by Mitch Kokai
Senior Political Analyst, John Locke Foundation
The upcoming confirmation hearing for U.S. Supreme Court nominee Neil Gorsuch might prepare U.S. senators for another confirmation confrontation within the next four years. That’s the prediction from one top senator, as reported by Ryan Lovelace of the Washington Examiner.
As Senate Judiciary Committee Chairman Chuck Grassley, R-Iowa, prepares for Judge Neil Gorsuch’s confirmation hearings to the Supreme Court, he said he’s expecting to repeat the process before 2020.
Asked whose seat he expected to open before the next presidential election, Grassley responded, “Oh, I wouldn’t answer that. If I answered for some it’d be like hoping they die.” At the end of Trump’s four-year term, three justices will be older than the life expectancy of U.S. residents. Justices Stephen Breyer and Anthony Kennedy would be older than 78, while Justice Ruth Bader Ginsburg would be 87.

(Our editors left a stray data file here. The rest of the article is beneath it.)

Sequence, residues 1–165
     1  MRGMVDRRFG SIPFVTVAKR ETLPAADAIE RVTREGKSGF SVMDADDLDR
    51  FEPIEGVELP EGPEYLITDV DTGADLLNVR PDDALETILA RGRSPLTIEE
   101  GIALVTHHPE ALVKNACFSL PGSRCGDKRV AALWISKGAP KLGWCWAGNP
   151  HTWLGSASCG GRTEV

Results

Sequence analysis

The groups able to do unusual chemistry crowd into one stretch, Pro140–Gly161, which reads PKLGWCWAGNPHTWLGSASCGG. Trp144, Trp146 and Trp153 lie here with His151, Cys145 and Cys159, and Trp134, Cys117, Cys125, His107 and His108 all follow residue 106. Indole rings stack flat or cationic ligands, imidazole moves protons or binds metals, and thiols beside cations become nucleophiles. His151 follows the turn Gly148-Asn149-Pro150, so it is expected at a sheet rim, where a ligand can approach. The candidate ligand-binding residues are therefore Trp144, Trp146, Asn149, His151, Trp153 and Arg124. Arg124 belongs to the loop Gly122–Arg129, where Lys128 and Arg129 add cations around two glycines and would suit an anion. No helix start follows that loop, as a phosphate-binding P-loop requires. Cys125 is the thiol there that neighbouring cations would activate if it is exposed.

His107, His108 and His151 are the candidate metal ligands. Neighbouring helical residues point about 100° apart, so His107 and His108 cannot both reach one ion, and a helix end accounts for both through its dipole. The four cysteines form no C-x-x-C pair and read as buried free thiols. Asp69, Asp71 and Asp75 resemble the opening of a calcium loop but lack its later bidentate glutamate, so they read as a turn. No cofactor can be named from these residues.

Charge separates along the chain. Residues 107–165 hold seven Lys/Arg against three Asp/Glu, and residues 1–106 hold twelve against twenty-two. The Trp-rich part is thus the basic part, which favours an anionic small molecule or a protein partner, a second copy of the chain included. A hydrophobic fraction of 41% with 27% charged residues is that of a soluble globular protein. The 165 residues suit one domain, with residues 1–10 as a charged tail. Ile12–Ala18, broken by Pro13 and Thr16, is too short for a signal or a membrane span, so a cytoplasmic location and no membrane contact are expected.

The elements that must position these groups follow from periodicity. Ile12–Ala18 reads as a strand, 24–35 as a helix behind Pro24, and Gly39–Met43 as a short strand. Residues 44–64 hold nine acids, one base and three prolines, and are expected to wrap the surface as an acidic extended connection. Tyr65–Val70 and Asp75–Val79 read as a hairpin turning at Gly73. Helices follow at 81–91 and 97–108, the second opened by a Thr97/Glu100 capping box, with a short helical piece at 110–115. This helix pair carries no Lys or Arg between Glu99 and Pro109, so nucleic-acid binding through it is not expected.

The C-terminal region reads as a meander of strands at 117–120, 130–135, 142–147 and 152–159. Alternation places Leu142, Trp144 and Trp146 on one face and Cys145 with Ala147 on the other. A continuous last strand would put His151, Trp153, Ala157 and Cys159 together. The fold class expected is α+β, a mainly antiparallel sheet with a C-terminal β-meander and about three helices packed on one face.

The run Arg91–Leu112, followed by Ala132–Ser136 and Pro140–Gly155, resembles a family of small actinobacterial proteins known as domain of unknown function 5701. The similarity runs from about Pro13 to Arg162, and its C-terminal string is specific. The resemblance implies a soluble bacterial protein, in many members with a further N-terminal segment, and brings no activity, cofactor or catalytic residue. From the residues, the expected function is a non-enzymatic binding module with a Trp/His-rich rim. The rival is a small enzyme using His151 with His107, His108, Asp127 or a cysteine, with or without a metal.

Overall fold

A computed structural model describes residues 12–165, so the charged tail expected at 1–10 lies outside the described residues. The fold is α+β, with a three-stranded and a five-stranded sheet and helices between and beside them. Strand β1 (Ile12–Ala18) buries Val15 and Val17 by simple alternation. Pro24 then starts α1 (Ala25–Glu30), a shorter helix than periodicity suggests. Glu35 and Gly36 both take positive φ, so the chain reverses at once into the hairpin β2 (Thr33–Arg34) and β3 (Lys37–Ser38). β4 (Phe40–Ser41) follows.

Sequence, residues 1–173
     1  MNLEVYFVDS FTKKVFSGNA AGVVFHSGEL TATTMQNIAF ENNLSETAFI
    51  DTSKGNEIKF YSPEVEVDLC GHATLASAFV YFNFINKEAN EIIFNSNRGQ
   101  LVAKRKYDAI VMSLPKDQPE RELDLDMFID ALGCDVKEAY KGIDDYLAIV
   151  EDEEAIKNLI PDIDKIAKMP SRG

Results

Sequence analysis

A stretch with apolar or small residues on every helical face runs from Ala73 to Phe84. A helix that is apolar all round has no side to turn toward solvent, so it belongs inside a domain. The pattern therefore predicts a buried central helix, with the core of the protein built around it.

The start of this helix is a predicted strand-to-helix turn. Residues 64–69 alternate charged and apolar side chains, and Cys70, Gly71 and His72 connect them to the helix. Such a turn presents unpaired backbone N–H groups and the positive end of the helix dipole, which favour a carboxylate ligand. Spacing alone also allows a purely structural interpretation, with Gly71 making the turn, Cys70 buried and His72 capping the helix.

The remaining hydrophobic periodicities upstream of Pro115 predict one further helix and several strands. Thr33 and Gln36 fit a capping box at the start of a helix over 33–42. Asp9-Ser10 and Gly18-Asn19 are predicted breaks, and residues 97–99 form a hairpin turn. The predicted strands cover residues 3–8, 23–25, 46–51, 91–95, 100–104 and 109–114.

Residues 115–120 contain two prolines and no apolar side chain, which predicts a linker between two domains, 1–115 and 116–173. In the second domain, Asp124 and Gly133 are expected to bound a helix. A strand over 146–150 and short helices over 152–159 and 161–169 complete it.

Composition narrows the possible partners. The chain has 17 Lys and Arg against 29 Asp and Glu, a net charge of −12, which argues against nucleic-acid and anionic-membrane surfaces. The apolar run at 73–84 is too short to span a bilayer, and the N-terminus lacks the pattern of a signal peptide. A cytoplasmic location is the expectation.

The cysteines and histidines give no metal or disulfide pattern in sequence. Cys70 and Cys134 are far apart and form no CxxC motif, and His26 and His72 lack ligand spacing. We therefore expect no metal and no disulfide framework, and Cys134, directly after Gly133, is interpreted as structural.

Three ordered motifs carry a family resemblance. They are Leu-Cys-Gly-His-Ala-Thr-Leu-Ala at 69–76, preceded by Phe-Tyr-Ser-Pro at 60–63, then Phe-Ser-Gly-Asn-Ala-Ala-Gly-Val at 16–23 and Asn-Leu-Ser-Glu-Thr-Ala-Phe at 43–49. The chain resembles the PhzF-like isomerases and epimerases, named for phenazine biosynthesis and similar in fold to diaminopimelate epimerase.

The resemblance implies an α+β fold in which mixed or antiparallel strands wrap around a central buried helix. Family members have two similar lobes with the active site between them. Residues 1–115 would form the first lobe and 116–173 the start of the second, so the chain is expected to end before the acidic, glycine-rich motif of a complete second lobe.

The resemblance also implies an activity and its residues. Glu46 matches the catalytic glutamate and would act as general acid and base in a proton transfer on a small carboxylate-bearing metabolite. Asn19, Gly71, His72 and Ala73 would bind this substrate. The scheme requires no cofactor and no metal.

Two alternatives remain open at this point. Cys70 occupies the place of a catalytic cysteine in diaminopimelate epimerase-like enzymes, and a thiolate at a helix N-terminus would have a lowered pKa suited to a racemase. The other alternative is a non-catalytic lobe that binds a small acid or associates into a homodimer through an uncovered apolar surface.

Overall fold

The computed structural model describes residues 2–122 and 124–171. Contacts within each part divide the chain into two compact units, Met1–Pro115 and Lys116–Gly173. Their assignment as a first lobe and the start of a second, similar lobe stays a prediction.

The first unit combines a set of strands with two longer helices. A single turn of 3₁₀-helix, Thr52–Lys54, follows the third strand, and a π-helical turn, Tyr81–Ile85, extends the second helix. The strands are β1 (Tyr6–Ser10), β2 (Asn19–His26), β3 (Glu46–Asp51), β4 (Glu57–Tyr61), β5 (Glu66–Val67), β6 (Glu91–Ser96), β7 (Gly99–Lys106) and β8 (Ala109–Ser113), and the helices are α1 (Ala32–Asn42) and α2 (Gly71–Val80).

Fresh off a lunch meeting with President Trump and Senate Democrats on Gorsuch’s high court nomination and other topics last week, Grassley in an interview with the Washington Examiner expressed confidence that Gorsuch would be swiftly confirmed. Grassley said he did not detect any Republican opposition to Gorsuch and predicted a confirmation with “a lot more than a majority but significant opposition.”
Conservative justices appointed by Republican presidents have routinely faced staunch opposition. Chief Justice John Roberts was confirmed in 2005 by a 78-22 vote that included the support of 22 Democrats, but the Supreme Court’s more conservative members have faced bigger battles. Justice Samuel Alito, another President George W. Bush appointee, was confirmed in 2006 by a 58-42 vote, and Thomas, a President George H.W. Bush appointee, was narrowly confirmed in 1991 by a 52-48 vote.